In its original application, Midwestern specified the customers to whom it would deliver 315,202 m.c.f. per day and left 86,372 m.c.f. per day as a reserve for additional sales. In its first supplement to its application on November 2, 1955, Midwestern stated that this reserve was designed to supply other customers within reach of its line who are presently without gas or receiving short supplies. It stated further that specification of some distributors was made difficult by their fear of the displeasure of their present suppliers. In a further supplement on December 1, 1955, Midwestern proposed to sell its reserved gas to the existing pipelines, including those in the Peoples system, for resale by them to their distributors. *fn7 If those pipelines declined to buy the reserved gas, Midwestern proposed to sell it directly to their distributors and to industries located within economic reach.

On December 22, 1955, Peoples and its subsidiaries petitioned to intervene in the proceeding on Midwestern's application. Both Natural and Texas Illinois, in their petitions, declared that they have "no intention of purchasing gas from Midwestern"; and Peoples, in its own petition, stated that "all natural gas sold by Peoples Gas . . . is purchased by it from Natural . . . and Texas Illinois . . . and it is contemplated that said companies will continue to supply Peoples Gas' requirements of flow gas in increased volumes as the orderly development of Peoples Gas' markets shall, from time to time, require." Being thus informed that the Peoples system would not purchase its reserved gas, *fn8 Midwestern, on February 7, 1956, filed a further supplement to its application specifying all the customers to whom it proposed to sell 395,998 m.c.f. of gas per day. *fn9 It named the various distributors who would receive 280,998 m.c.f. per day and resell it to customers in Wisconsin, Minnesota, western Michigan and eastern North Dakota. The only customers named in the northern Illinois-Indiana area were the United States Steel Corporation and the Inland Steel Company, to whom direct sales of 115,000 m.c.f. per day would be made. Obviously, no further specification could be made of proposed sales in the area served by the Peoples system in view of the latter's control of the distribution system and its refusal to buy from Midwestern. *fn10 But a Midwestern officer testified:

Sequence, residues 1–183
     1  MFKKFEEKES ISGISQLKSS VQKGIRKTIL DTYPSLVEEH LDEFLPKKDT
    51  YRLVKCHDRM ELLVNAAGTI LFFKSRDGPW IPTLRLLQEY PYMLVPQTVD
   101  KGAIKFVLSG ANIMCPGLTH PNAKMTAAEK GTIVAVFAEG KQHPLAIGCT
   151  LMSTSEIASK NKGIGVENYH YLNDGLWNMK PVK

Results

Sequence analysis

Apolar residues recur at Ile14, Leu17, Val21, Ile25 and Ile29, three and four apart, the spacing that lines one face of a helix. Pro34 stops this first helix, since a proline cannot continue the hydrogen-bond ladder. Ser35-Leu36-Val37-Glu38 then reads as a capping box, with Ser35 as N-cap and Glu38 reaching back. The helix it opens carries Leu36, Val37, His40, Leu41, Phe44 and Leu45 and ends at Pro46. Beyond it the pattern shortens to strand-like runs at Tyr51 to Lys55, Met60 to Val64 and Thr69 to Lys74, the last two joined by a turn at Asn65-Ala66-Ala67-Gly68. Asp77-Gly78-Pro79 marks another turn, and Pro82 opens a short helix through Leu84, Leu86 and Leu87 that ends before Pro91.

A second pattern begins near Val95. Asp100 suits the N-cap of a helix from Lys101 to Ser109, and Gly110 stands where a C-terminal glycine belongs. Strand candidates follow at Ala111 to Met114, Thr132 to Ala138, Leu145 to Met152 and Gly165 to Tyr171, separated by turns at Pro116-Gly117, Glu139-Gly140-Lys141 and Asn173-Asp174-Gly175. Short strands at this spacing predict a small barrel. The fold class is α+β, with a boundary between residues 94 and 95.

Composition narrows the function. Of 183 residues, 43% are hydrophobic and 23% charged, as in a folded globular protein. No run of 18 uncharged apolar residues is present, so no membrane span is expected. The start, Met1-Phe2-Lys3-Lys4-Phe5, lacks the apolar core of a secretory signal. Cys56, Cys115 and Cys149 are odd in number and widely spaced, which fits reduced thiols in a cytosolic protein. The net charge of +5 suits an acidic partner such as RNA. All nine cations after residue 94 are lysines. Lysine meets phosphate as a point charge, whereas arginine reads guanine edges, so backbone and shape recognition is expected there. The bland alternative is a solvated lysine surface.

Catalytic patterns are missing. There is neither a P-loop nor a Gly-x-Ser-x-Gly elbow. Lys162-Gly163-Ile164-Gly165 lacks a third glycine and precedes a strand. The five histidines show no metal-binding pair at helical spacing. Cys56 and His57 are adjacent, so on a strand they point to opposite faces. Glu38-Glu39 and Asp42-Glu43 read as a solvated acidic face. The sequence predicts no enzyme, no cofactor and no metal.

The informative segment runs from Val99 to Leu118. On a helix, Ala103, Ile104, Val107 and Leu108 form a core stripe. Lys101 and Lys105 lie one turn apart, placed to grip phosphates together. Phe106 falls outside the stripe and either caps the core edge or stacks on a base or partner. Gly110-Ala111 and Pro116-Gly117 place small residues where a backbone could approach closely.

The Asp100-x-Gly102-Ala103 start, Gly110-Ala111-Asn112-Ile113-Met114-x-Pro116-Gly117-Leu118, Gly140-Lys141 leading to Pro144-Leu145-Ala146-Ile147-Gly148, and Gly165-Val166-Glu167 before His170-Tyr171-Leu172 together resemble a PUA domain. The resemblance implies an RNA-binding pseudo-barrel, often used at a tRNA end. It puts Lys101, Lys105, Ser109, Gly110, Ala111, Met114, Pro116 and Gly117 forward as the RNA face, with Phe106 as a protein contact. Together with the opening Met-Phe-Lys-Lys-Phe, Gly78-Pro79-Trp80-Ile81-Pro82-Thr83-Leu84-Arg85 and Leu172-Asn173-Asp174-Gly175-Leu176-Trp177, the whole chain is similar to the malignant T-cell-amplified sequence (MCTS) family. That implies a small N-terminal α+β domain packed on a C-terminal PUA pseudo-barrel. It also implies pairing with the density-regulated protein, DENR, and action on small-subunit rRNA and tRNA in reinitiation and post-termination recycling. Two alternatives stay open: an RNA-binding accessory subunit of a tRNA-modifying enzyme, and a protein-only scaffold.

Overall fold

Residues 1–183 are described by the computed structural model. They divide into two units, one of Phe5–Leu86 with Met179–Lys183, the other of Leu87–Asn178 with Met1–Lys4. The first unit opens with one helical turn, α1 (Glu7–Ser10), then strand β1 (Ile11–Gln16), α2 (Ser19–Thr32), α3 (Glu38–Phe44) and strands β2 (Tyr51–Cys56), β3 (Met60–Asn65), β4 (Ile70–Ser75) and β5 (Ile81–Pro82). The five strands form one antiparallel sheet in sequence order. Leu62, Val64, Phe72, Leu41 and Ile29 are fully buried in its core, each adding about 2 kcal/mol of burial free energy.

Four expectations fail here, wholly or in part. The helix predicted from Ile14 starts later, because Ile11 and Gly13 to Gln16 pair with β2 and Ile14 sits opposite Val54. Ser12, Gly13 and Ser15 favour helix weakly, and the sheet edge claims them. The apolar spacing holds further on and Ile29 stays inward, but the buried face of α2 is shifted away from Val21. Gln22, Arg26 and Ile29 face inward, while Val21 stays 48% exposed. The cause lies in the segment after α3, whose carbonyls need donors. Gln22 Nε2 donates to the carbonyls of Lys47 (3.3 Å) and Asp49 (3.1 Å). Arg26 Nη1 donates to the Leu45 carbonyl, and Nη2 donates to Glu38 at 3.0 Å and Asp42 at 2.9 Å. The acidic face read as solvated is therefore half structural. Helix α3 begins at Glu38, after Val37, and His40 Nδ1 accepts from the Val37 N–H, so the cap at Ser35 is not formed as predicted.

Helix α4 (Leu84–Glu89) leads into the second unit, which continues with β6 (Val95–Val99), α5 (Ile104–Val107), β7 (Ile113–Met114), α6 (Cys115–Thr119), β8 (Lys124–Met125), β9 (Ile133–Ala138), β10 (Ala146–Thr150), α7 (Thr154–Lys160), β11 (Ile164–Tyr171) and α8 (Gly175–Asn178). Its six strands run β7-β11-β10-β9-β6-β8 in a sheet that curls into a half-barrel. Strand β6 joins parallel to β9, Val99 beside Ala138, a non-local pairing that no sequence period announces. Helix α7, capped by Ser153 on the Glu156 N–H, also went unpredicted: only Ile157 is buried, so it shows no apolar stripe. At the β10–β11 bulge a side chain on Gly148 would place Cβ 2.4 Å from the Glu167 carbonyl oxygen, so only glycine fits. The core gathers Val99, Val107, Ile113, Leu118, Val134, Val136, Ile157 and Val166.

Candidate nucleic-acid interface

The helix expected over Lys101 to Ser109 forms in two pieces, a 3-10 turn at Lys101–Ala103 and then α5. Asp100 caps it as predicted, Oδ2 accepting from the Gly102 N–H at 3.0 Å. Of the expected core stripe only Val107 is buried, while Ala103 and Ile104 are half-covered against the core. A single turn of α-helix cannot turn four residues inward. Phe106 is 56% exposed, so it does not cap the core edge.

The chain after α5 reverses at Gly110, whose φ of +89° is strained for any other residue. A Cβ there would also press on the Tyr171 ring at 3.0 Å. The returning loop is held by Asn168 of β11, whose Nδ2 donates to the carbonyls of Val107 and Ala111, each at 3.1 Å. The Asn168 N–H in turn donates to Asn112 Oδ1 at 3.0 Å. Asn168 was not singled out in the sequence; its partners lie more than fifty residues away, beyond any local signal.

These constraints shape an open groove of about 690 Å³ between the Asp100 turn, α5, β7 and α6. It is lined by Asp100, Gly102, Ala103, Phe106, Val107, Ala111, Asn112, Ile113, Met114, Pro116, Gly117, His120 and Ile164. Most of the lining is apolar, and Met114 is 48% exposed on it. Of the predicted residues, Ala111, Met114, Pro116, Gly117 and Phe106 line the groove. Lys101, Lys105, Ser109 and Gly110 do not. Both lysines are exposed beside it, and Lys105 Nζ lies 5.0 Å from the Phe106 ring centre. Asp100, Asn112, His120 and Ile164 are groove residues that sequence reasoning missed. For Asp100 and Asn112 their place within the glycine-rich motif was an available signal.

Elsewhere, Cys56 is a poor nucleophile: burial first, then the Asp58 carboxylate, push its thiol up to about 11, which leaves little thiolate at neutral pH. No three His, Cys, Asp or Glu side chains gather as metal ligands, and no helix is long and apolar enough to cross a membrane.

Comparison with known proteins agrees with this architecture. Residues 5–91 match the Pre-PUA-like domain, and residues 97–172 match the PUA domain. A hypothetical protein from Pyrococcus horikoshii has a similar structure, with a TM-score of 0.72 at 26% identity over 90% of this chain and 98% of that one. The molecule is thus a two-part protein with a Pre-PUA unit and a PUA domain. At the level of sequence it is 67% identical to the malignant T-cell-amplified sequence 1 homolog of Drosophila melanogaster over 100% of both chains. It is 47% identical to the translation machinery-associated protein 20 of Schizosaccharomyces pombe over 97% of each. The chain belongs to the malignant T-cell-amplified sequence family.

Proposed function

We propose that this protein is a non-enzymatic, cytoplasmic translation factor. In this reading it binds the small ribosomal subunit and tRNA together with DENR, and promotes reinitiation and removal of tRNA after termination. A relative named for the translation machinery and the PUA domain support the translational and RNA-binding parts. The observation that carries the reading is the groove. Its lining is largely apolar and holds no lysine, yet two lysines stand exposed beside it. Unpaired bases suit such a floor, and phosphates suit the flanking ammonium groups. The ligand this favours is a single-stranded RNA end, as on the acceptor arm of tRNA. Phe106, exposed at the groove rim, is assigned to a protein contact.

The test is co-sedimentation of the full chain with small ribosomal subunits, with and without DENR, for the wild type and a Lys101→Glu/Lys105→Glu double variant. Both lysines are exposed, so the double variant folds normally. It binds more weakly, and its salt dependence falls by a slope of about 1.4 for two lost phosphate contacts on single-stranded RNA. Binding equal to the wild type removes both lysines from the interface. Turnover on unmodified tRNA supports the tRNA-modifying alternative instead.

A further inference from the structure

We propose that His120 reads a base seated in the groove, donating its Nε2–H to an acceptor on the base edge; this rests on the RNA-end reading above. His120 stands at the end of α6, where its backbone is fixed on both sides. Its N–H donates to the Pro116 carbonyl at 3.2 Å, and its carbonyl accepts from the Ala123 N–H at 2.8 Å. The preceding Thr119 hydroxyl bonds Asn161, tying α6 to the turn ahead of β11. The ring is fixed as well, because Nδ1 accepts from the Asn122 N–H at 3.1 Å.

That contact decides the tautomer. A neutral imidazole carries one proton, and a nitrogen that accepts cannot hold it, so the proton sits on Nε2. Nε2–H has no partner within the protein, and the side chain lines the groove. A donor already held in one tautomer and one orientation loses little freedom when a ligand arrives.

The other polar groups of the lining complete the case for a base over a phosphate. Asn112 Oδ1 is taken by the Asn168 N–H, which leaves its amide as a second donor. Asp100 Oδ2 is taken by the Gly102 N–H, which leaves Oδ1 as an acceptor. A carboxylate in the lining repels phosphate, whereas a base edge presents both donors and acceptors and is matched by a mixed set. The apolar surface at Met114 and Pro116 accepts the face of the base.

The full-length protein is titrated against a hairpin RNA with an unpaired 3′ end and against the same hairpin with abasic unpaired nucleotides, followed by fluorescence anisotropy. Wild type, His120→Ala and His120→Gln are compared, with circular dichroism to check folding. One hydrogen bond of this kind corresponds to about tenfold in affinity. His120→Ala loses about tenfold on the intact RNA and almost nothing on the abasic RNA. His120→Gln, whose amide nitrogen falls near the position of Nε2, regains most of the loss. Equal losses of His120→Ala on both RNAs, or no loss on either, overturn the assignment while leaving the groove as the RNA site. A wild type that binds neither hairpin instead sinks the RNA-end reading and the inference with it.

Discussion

". . . we are not seeking to serve only a portion of these markets for a short time. We intend to serve all of the markets and meet every reasonable service demand from them.

"Midwestern is seeking to serve all those areas which are economically feasible to serve all the way from its line from Emerson, Manitoba, to Kankakee, Illinois . . ..

". . . as a policy, Midwestern will propose to render service to substantially all areas within economic distance of its lines.

". . . In Chicago and Northern Indiana, north of Kankakee, Peoples Gas Light and Coke Company and their subsidiary pipeline companies have been serving under a policy of scarcity ...